A new quantum information technology (QIT) could emerge in the future, based on current research in the fields of quantum information processing and communication1–3 (QIPC). In contrast to conventional IT, where quantum mechanics plays a support role in improving the building blocks, fundamental quantum phenomena play a central role in QIPC — information is stored, processed, and communicated according to the laws of quantum physics. This additional freedom could enable future QIT to perform tasks we will never achieve with ordinary IT.Today many people are familiar with at least the consequences of Moore’s Law — the fastest computer in the shops doubles in speed about every 18 months to two years. This exponential progress, first noted4 by Gordon Moore — cofounder and former CEO of Intel — in 1965, has continued ever since. But it cannot go on forever. Hurdles exist, for example: silicon will hit problems, with oxide thinness or track width5; new materials or even new paradigms, such as self-assembled nano-devices or molecular electronics, will be needed; lots of dollars will be required as Moore’s second law tells us that fabrication costs are also growing exponentially. However, even if the hurdles can be overcome, we will eventually run into nature.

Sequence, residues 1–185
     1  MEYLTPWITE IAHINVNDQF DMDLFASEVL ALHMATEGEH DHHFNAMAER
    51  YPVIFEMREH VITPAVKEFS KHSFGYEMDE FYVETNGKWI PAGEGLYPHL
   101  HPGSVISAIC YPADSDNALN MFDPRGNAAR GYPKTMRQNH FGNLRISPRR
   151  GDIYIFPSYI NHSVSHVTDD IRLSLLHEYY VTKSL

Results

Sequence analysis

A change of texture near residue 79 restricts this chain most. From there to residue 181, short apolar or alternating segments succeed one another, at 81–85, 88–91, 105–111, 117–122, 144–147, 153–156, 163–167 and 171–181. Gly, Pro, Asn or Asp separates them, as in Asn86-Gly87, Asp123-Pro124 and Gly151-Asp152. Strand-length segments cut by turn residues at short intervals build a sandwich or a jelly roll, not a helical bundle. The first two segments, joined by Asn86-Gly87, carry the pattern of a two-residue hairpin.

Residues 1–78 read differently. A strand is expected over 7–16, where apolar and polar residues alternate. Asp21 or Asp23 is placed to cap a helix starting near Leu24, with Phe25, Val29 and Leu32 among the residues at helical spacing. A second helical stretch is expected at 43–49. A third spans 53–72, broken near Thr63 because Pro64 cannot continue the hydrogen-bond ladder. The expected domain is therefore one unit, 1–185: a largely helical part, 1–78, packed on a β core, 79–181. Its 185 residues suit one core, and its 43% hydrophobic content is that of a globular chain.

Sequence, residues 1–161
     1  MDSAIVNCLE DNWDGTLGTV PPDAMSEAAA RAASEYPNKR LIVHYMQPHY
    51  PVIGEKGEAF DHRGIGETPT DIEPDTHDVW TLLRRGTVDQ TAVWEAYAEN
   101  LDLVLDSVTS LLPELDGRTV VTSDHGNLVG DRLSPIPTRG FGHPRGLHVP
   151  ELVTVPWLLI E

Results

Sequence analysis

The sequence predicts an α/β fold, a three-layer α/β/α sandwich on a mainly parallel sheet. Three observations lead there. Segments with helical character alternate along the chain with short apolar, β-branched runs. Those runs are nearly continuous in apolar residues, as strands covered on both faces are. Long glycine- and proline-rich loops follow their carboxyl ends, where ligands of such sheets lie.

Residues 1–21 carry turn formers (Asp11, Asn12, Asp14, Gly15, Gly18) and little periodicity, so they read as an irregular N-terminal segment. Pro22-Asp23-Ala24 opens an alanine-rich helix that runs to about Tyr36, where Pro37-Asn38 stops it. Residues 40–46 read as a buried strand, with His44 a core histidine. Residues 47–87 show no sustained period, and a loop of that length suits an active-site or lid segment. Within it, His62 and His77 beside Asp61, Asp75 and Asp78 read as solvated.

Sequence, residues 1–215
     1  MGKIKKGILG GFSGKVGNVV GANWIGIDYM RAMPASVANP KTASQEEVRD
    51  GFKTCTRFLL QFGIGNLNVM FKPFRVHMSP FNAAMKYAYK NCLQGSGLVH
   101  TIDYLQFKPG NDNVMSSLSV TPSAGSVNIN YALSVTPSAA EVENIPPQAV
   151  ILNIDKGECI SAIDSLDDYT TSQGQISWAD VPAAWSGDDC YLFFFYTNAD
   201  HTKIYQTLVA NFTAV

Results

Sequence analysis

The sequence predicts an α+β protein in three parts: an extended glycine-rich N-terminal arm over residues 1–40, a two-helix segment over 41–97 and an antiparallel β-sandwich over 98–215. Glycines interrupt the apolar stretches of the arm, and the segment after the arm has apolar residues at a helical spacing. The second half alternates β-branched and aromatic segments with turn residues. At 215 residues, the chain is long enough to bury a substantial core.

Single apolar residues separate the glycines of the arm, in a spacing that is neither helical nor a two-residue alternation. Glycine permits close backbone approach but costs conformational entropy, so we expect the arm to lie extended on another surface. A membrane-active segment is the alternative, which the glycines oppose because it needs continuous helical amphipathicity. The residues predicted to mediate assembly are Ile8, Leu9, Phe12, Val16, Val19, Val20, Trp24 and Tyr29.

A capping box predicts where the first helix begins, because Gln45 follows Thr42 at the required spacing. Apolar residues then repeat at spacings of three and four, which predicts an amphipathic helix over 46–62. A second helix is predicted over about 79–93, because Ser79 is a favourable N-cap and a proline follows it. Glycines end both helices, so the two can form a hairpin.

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DOI: 10.1016/S1369-7021(03)00130-5